By Deborah Bruce
A previous post examined congregational conflict from the pastor's point of view. Today, we’ll look at what worshipers say about the topic.
Few worshipers have seen conflict. Almost one-half of worshipers (47%) report no conflict in their congregation in the past two years, and another two in ten (21%) don’t know if there has been any conflict. That leaves just one-third (32%) who are aware of congregational discord.
Fewer worshipers than pastors are aware of congregational conflict. Eight in ten pastors (79%), but only one-third of worshipers (32%), report that their congregation faced any conflict in the past two years. Why might this be so?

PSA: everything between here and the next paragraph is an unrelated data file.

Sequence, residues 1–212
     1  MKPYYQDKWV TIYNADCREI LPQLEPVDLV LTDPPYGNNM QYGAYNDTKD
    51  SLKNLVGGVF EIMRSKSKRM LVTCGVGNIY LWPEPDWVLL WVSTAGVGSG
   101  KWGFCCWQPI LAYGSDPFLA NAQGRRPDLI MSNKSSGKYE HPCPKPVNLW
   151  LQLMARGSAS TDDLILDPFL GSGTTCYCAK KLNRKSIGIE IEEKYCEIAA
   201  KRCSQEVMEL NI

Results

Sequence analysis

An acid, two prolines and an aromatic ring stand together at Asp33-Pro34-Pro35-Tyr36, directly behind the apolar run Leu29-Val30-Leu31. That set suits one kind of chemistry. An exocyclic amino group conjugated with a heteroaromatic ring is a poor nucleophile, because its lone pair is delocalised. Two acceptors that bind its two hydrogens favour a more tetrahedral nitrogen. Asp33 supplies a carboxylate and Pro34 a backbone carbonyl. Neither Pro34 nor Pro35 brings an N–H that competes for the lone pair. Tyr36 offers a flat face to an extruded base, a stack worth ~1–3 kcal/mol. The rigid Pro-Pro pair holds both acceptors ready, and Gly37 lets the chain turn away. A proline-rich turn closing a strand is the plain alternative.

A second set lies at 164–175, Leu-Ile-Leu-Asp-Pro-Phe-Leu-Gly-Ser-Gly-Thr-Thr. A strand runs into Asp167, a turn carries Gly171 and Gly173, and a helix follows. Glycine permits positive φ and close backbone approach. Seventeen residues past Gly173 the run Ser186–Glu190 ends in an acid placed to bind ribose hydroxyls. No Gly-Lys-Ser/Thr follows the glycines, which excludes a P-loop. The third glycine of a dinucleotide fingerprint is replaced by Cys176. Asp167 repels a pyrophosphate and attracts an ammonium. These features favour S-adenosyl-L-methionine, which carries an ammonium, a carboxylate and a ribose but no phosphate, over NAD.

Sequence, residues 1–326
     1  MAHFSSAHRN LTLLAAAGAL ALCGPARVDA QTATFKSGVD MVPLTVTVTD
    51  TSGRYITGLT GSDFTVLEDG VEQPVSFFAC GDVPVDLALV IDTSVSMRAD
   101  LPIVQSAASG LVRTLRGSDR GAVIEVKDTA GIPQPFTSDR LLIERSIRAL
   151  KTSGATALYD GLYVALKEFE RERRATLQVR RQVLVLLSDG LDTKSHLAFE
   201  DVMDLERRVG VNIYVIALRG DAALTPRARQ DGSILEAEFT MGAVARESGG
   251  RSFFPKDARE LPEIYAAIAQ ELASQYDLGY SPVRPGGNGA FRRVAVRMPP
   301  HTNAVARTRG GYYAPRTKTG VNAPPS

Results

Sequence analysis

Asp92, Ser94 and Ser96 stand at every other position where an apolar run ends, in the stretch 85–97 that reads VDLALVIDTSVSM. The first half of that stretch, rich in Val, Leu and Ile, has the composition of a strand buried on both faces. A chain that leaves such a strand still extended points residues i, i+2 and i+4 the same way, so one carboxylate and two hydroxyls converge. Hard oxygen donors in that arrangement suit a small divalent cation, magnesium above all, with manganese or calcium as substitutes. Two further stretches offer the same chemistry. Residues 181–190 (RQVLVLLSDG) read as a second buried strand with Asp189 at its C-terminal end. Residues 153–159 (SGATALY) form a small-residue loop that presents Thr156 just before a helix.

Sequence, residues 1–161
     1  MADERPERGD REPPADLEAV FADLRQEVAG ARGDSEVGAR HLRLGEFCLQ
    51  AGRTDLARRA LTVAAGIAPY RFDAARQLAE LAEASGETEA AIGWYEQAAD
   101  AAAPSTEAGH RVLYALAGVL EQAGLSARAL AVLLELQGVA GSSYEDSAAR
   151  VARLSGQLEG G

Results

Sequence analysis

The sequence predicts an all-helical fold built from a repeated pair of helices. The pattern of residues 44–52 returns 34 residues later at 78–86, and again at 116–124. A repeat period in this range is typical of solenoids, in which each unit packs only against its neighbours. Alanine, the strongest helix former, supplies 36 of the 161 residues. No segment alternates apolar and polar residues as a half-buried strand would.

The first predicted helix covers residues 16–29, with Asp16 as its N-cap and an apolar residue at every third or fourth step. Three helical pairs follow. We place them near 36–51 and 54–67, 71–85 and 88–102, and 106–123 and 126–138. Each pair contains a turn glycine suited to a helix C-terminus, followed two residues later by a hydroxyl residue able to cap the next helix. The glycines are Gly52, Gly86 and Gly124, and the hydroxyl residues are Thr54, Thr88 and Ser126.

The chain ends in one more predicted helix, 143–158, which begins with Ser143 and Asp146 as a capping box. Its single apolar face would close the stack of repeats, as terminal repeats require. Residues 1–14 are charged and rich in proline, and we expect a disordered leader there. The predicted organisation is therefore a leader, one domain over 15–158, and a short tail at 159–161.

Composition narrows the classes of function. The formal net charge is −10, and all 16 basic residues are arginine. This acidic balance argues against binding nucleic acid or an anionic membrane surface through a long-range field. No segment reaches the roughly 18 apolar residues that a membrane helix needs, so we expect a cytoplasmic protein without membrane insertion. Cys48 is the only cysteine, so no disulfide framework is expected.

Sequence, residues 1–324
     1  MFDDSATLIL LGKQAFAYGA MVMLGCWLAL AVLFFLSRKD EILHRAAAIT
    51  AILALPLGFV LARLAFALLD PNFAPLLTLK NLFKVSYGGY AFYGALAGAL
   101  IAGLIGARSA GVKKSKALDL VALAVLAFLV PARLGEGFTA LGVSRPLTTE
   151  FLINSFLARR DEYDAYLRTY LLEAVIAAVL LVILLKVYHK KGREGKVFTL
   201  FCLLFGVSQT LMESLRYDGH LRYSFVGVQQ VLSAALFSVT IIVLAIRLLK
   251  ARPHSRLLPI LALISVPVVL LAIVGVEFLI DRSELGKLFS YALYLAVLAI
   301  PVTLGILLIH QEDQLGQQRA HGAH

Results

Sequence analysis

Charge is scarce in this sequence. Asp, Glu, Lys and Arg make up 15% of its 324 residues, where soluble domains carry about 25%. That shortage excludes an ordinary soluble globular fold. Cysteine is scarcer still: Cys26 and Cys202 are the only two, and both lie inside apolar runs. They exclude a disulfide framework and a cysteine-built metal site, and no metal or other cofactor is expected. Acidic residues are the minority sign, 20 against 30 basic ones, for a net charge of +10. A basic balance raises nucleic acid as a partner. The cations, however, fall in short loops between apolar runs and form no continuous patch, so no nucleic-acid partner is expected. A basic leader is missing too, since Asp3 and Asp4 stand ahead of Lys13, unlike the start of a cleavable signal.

Church size plays a role. More worshipers in small churches than in larger ones report conflict in their church. In churches that average 100 or fewer in worship, a slight majority of worshipers (56%) knew about a conflict, whether major or minor. But in the largest churches with more than 350 in worship only half as many (26%) were aware of conflict. Rather, three-quarters of worshipers in large churches (74%) say there’s been no conflict or simply don’t know.
In smaller churches more worshipers are involved in more ways in the church’s activities and more hold leadership positions in the church. This involvement exposes them to the good and bad sides of church life. Thus, many worshipers in small churches share the pastor’s view from a standpoint that makes church conflict visible.
In larger churches worshipers may participate in worship without engaging in other aspects of congregational life. Sunday-only worshipers have little knowledge of what happens behind the curtain to keep the church alive. These unengaged worshipers are sheltered from conflicts that might pop up—conflicts that the pastor cannot miss.